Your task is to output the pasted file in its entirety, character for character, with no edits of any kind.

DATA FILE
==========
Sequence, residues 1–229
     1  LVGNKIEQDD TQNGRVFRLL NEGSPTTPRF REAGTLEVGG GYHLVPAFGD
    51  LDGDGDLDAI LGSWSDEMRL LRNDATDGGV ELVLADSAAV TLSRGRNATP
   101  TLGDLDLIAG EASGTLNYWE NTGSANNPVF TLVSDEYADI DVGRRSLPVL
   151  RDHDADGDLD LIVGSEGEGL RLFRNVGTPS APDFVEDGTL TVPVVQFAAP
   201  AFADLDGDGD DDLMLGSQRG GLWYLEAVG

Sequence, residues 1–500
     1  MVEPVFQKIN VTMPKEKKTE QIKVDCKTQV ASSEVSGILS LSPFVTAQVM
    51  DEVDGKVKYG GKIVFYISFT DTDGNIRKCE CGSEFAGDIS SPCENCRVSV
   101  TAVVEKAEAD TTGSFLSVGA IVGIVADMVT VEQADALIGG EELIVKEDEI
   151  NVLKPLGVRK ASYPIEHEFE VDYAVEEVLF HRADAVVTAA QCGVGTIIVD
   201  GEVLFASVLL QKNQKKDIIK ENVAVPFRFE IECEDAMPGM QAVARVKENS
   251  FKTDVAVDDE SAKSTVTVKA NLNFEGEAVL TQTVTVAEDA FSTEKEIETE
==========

Sequence, residues 1–229
     1  LVGNKIEQDD TQNGRVFRLL NEGSPTTPRF REAGTLEVGG GYHLVPAFGD
    51  LDGDGDLDAI LGSWSDEMRL LRNDATDGGV ELVLADSAAV TLSRGRNATP
   101  TLGDLDLIAG EASGTLNYWE NTGSANNPVF TLVSDEYADI DVGRRSLPVL
   151  RDHDADGDLD LIVGSEGEGL RLFRNVGTPS APDFVEDGTL TVPVVQFAAP
   201  AFADLDGDGD DDLMLGSQRG GLWYLEAVG

Sequence, residues 1–500
     1  MVEPVFQKIN VTMPKEKKTE QIKVDCKTQV ASSEVSGILS LSPFVTAQVM
    51  DEVDGKVKYG GKIVFYISFT DTDGNIRKCE CGSEFAGDIS SPCENCRVSV
   101  TAVVEKAEAD TTGSFLSVGA IVGIVADMVT VEQADALIGG EELIVKEDEI
   151  NVLKPLGVRK ASYPIEHEFE VDYAVEEVLF HRADAVVTAA QCGVGTIIVD
   201  GEVLFASVLL QKNQKKDIIK ENVAVPFRFE IECEDAMPGM QAVARVKENS
   251  FKTDVAVDDE SAKSTVTVKA NLNFEGEAVL TQTVTVAEDA FSTEKEIETE